Rodriguez and the team at NYU Langone’s Transplantation and Cellular Therapy Center made the decision to combine the donor eye with donor-derived stem cells.
Transplanted stem cells can work as a natural “repair crew,” dividing again and again to create healthy cells that replace damaged or dysfunctional tissue.
“This is the first attempt of injecting adult stem cells into a human optic nerve during a transplant in the
hopes of enhancing nerve regeneration,” said Dr. Samer Al-Homsi, executive director of the Transplantation and Cellular Therapy Center at NYU Langone.
A carefully rehearsed operation
The 21-hour surgery took place in NYU Langone’s Kimmel Pavilion, where two different surgical teams simultaneously operated in both the donor and recipient rooms.
Each team kept to a carefully planned timetable — which had been rehearsed several times over the past year — to integrate the donor’s face and eye onto James as quickly as possible.
The face transplant included the nose, left eyelids and eyebrow, lips and underlying skull, cheek, nasal and chin bone segments, plus the underlying muscles, blood vessels and nerves.
The concurrent eye transplant included the entire left eye and socket, plus the orbital bone and all surrounding tissue, including the optic nerve.
The transplanted left eye does not currently have any sight, but over the last six months, his eye has shown remarkable signs of health, including a robust flow of blood to the retina.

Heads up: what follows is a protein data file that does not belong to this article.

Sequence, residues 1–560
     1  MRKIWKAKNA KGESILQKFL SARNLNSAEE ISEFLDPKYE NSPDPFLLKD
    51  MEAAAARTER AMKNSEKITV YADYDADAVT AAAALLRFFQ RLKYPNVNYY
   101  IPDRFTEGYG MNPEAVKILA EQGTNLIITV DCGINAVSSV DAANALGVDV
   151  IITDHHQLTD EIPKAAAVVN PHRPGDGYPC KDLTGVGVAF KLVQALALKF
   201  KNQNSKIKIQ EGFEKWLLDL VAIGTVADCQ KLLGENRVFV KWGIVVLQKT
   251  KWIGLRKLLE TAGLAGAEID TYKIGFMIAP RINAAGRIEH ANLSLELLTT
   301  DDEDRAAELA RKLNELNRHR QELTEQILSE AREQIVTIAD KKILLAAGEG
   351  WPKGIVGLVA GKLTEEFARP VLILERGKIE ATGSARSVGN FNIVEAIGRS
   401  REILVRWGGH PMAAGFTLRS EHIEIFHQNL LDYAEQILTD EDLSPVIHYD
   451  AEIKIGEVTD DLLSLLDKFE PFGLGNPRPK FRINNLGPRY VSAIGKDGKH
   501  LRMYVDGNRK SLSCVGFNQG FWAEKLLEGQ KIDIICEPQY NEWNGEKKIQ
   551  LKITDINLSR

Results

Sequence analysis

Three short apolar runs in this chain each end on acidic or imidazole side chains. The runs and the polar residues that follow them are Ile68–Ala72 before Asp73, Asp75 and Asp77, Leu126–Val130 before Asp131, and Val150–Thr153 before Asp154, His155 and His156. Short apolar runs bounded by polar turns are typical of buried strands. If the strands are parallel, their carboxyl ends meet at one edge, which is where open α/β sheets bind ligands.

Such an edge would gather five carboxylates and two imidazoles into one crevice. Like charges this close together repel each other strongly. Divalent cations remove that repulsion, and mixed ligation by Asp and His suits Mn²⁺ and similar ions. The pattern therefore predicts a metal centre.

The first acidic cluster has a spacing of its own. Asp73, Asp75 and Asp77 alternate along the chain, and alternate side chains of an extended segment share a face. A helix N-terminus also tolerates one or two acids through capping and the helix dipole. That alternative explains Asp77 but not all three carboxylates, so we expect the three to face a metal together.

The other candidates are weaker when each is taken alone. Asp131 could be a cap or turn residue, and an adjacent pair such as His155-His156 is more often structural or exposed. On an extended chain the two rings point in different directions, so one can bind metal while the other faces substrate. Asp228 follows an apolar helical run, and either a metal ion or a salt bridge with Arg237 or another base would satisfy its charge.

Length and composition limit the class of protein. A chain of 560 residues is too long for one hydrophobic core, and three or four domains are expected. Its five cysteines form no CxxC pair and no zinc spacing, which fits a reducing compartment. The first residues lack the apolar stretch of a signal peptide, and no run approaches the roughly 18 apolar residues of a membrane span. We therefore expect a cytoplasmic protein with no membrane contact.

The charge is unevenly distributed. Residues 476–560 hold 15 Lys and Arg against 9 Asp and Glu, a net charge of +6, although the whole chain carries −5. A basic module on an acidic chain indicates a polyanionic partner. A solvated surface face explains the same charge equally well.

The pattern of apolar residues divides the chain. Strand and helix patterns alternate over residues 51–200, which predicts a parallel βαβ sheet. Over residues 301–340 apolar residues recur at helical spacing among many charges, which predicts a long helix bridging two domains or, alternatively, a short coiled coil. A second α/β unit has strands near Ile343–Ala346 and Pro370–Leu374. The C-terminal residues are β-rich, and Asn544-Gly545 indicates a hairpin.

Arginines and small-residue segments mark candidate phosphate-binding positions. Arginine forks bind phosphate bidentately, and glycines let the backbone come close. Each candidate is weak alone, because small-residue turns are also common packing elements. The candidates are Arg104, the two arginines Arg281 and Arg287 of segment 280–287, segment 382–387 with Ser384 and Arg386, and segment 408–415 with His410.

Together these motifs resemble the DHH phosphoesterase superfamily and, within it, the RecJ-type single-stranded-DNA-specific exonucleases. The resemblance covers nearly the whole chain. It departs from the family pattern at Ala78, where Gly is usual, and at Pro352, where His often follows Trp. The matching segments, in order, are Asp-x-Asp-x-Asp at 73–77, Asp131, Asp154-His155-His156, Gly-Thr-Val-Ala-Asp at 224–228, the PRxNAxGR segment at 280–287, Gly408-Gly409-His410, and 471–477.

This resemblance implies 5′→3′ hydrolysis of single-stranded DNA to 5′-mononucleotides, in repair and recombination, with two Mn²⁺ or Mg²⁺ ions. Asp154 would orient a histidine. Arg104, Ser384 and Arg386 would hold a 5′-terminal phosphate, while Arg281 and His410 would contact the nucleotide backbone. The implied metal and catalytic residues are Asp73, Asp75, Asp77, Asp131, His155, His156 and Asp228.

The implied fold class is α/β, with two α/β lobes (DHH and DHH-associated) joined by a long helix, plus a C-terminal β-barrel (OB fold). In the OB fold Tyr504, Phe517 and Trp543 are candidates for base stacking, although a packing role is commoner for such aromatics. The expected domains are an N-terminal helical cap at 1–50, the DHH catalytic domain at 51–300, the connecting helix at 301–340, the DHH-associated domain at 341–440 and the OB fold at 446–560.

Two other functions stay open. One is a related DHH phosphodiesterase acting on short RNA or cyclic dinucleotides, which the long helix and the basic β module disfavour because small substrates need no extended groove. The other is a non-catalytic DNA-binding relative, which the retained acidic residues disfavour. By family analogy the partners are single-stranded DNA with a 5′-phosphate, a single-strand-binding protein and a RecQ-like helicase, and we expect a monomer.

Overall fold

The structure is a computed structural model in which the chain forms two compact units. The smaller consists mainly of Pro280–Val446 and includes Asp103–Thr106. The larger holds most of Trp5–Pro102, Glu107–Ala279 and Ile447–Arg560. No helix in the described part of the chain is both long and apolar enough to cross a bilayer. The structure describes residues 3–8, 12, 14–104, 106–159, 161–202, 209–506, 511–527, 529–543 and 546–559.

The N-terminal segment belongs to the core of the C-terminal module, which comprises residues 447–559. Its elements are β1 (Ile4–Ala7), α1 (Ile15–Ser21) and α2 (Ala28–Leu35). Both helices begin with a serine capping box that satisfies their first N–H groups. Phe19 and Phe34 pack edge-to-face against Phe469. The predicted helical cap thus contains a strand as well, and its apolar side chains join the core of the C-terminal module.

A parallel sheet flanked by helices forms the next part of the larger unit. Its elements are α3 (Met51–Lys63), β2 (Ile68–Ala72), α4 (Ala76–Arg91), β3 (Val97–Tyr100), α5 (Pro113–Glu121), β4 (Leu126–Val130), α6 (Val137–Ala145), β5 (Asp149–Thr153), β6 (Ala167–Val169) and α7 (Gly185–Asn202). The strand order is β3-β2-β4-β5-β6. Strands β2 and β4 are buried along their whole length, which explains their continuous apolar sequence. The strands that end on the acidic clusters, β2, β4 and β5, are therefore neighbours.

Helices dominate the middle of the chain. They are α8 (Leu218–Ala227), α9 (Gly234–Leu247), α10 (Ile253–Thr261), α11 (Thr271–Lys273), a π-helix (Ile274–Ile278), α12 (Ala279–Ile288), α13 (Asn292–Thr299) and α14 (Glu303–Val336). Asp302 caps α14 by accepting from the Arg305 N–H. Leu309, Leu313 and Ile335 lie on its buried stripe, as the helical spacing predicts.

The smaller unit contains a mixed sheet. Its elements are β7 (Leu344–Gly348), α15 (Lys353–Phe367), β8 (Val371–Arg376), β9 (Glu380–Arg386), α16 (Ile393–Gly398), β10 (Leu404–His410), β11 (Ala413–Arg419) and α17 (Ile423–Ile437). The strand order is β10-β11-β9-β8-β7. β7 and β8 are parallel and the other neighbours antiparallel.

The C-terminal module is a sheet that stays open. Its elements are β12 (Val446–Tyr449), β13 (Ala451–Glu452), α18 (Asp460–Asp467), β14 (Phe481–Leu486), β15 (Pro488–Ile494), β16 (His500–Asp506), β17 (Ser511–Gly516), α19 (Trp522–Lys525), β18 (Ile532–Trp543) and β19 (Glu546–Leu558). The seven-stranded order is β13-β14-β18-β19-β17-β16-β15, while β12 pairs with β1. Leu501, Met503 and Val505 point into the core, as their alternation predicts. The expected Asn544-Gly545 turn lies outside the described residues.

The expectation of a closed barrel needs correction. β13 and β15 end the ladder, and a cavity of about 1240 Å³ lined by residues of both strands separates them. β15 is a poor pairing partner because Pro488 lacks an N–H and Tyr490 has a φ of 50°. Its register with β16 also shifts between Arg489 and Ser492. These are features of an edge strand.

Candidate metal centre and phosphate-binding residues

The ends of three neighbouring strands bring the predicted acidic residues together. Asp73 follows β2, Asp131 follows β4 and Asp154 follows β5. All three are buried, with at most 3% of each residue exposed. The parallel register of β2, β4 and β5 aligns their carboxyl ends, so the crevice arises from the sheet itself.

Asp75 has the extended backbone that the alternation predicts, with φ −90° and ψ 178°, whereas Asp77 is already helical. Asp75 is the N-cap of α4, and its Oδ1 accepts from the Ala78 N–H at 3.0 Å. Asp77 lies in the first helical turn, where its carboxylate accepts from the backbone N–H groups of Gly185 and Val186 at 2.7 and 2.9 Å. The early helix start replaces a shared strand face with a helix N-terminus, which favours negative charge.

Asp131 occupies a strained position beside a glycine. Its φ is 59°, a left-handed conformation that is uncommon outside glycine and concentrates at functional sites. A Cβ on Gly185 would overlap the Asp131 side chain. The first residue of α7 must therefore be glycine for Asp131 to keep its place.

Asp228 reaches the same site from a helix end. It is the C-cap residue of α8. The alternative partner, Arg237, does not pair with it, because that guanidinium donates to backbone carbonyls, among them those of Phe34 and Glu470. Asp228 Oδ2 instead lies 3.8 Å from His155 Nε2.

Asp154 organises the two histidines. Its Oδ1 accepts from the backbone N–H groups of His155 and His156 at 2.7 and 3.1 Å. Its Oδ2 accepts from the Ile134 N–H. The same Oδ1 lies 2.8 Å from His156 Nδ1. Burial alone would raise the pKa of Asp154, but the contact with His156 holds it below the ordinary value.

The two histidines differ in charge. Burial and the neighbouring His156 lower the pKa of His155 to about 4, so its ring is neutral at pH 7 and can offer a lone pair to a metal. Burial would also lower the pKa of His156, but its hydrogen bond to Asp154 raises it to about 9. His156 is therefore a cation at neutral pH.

Outcome ‘far exceeds our initial expectation’
The successful outcome of the complex surgical procedure has exceeded even the high hopes of the healthcare team.
“The progress we’ve seen with the eye is exceptional, especially considering that we have a viable
cornea paired with a retina showing great blood flow five months after the procedure,” said Dr. Bruce Gelb, a transplant surgeon at the NYU Langone Transplant Institute.
“This far exceeds our initial expectations, as going in our best hope was that the eye would survive at least 90 days,” Gelb added.
Rodriguez concurred: “Beyond the eye, the quality of Aaron’s results from the face transplant is special. You would never think he underwent such a procedure so recently. He looks great.”
A ‘second chance at life’
Following the surgery, James spent only 17 days in the Intensive Care Unit at NYU Langone — one of the
shortest recoveries among Rodriguez’s face transplant recipients.
James is now back home in Arkansas, where he’s looking forward to spending Thanksgiving with his family and eating a holiday meal for the first time since his injury in 2021.
“I’m grateful beyond words for the donor and his family, who have given me a second chance at life
during their own time of great difficulty,” James said.
“I will also forever be thankful to Dr. Rodriguez and his team for changing my life. My family and I wouldn’t have been able to navigate this difficult journey without their expertise and support.”